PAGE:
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  • Posts: 20
Re: A Promethean Thought Experiment
« Reply #26 on: September 03, 2022, 12:17:20 PM »
Seen on the Internet:"The maximum output electrical power of a generator is equal to the maximum input mechanical times the generator efficiency. Typically for a commercial generator, that is in the order of 95%. So 1 kW of mechanical input power yields 0,95 kW of electrical output power."

Is this the correct wat to calculate the efficiency of a generator?

If it is not  correct I would very much appreciate the correct formula with an example and explanation a lay person can understand.

Offline bistander

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  • Posts: 263
Re: A Promethean Thought Experiment
« Reply #27 on: September 03, 2022, 02:16:06 PM »
Seen on the Internet:"The maximum output electrical power of a generator is equal to the maximum input mechanical times the generator efficiency. Typically for a commercial generator, that is in the order of 95%. So 1 kW of mechanical input power yields 0,95 kW of electrical output power."

Is this the correct wat to calculate the efficiency of a generator?

If it is not  correct I would very much appreciate the correct formula with an example and explanation a lay person can understand.

Hi IggyZ,
Efficiency of a power conversion device is defined as useful power output divided by total power input times 100%.
So if your generator delivers 0.95kW output of real power electrical using 1.0kW of mechanical power input, then it is 95% efficient at that operating point. Fact. By definition. That operating point may, or may not be maximum power. That depends on the actual machine design. Generators can, and do, operate at various loads, or operating points. Typically the generator nameplate will state its rated load, which is seldom its maximum power output. The generator can operate at no-load, partial load, full (or rated) load, overload, or maximum power output load. Efficiency is typically different for every operating point. Decent generator design will have peak efficiency normally somewhat less than full rated load, but efficiency at rated load will be close to max efficiency. Efficiency at maximum power output is typically well below maximum efficiency.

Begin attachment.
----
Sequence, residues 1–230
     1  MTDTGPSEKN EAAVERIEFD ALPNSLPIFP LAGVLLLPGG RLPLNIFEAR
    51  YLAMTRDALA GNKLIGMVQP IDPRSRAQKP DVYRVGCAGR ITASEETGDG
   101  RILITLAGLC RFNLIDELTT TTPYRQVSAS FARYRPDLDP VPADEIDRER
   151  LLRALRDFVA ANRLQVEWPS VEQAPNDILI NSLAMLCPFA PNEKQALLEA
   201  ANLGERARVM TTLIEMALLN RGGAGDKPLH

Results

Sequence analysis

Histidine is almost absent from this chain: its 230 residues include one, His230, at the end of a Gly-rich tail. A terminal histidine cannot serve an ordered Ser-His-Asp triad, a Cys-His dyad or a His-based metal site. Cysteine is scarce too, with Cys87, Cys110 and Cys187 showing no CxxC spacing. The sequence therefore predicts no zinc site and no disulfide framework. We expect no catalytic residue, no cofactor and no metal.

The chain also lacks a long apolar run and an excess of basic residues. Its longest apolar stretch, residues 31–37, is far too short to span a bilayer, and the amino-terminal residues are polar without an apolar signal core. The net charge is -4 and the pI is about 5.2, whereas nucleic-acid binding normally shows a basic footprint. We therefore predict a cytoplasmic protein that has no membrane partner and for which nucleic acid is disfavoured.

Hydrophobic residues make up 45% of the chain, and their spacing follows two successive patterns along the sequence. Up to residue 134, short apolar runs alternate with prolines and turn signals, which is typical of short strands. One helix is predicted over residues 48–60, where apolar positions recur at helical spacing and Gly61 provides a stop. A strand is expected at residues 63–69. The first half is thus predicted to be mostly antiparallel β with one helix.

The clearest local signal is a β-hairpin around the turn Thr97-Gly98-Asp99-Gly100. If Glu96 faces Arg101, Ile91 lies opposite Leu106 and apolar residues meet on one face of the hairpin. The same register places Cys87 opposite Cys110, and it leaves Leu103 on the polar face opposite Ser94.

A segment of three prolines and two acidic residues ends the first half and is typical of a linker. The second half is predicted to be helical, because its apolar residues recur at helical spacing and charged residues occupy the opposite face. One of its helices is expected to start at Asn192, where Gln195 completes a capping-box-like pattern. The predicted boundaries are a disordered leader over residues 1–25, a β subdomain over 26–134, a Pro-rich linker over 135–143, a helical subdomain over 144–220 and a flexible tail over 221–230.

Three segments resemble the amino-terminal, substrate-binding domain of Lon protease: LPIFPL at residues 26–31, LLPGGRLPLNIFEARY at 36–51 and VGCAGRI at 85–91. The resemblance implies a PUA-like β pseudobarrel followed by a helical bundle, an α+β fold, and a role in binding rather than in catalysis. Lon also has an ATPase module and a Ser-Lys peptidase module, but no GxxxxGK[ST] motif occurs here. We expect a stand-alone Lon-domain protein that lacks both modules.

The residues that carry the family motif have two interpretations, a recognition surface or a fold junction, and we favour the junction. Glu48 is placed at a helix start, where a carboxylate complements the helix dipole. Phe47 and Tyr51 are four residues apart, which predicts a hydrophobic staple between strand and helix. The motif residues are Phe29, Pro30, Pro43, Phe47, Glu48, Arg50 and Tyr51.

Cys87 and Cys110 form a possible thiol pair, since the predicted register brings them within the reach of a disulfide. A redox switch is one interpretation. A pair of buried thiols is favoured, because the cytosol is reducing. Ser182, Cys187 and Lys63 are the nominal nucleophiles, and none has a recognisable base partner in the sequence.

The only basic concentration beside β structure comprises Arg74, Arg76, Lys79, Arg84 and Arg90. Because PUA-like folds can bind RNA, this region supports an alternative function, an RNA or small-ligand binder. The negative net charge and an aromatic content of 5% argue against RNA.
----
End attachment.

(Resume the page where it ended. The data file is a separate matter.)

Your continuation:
Hope that helps.
bi
« Last Edit: September 03, 2022, 05:23:36 PM by bistander »

Offline Tarsier_79

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  • Posts: 75
Re: A Promethean Thought Experiment
« Reply #28 on: September 03, 2022, 09:47:28 PM »
https://www.youtube.com/watch?v=sENgdSF8ppA&t=1s

This is the reason all the multi-coil OU generators here don't actually create OU. It is also the reason your large radius rotor will not. When your magnet creates voltage and current in your generator, the equvalent force is transferred to the magnet. What you do to the back-emf also affects the magnet.

Electrical current x voltage is power. Power in - frictions -inefficiency = power out.

Even so, I would love to see your generator..

Offline IggyZ

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Re: A Promethean Thought Experiment
« Reply #29 on: September 05, 2022, 03:03:03 PM »
Thank you bistander, it really was helpful.